Despite the complexity of the EST data and the relatively small fraction eventually used in inferring a species tree, the gene tree parsimony method performed well in the face of very high apparent rates of duplication.
The chætognath transcriptome reveals unusual genomic features in the evolution of this protostome and suggests that it could be used as a model organism for bilaterians.
The chætognaths (arrow worms) have puzzled zoologists for years because of their astonishing morphological and developmental characteristics. Despite their deuterostome-like development, phylogenomic studies recently positioned the chætognath phylum in protostomes, most likely in an early branching. This key phylogenetic position and the peculiar characteristics of chætognaths prompted further investigation of their genomic features.
Transcriptomic and genomic data were collected from the chætognath Spadella cephaloptera through the sequencing of expressed sequence tags and genomic bacterial artificial chromosome clones. Transcript comparisons at various taxonomic scales emphasized the conservation of a core gene set and phylogenomic analysis confirmed the basal position of chætognaths among protostomes. A detailed survey of transcript diversity and individual genotyping revealed a past genome duplication event in the chætognath lineage, which was, surprisingly, followed by a high retention rate of duplicated genes. Moreover, striking genetic heterogeneity was detected within the sampled population at the nuclear and mitochondrial levels but cannot be explained by cryptic speciation. Finally, we found evidence for trans-splicing maturation of transcripts through splice-leader addition in the chætognath phylum and we further report that this processing is associated with operonic transcription.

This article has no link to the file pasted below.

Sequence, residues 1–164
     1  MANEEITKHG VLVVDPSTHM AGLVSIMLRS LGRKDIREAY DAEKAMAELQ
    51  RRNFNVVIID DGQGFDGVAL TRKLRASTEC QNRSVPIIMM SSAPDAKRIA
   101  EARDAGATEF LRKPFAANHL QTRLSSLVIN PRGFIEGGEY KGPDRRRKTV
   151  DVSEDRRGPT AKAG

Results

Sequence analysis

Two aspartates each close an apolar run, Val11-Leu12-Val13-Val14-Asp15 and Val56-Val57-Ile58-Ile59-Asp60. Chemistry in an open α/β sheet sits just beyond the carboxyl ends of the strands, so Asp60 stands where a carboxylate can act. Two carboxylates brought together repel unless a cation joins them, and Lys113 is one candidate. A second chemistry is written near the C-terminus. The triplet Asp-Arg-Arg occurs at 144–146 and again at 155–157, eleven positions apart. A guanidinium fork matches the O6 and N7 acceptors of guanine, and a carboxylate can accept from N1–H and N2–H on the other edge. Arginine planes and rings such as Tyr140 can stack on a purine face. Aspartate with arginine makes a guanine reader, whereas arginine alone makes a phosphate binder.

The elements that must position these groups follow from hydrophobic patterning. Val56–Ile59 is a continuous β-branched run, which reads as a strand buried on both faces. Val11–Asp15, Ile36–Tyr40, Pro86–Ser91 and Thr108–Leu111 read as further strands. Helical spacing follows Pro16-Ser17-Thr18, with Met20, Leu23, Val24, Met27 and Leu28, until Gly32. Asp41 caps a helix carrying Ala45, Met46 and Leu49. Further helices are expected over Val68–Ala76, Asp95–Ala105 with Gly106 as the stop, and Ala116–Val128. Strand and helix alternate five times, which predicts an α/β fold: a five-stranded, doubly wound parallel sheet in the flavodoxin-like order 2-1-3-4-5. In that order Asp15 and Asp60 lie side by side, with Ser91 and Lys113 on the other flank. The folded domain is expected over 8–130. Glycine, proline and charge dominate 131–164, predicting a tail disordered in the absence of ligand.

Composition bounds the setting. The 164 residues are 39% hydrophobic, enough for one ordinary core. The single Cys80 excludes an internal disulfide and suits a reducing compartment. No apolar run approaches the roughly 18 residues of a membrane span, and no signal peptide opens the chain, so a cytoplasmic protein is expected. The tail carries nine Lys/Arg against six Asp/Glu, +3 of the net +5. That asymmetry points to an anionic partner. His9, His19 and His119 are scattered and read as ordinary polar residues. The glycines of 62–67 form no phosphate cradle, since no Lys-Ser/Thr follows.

These findings reveal both shared ancestral and unique derived characteristics of the chætognath genome, which suggests that this genome is likely the product of a very original evolutionary history. These features promote chætognaths as a pivotal model for comparative genomics, which could provide new clues for the investigation of the evolution of animal genomes.
Phylogenomic approaches to the resolution of inter-species relationships have become well established in recent years. Often these involve concatenation of many orthologous genes found in the respective genomes followed by analysis using standard phylogenetic models. Genome-scale data promise increased resolution by minimising sampling error, yet are associated with well-known but often inappropriately addressed caveats arising through data heterogeneity and model violation. These can lead to the reconstruction of highly-supported but incorrect topologies. With the aim of obtaining a species tree for 18 species within the ascomycetous yeasts, we have investigated the use of appropriate evolutionary models to address inter-gene heterogeneities and the scalability and validity of supermatrix analysis as the phylogenetic problem becomes more difficult and the number of genes analysed approaches truly phylogenomic dimensions. We have extended a widely-known early phylogenomic study of yeasts by adding additional species to increase diversity and augmenting the number of genes under analysis. We have investigated sophisticated maximum likelihood analyses, considering not only a concatenated version of the data but also partitioned models where each gene constitutes a partition and parameters are free to vary between the different partitions (thereby accounting for variation in the evolutionary processes at different loci). We find considerable increases in likelihood using these complex models, arguing for the need for appropriate models when analyzing phylogenomic data. Using these methods, we were able to reconstruct a well-supported tree for 18 ascomycetous yeasts spanning about 250 million years of evolution.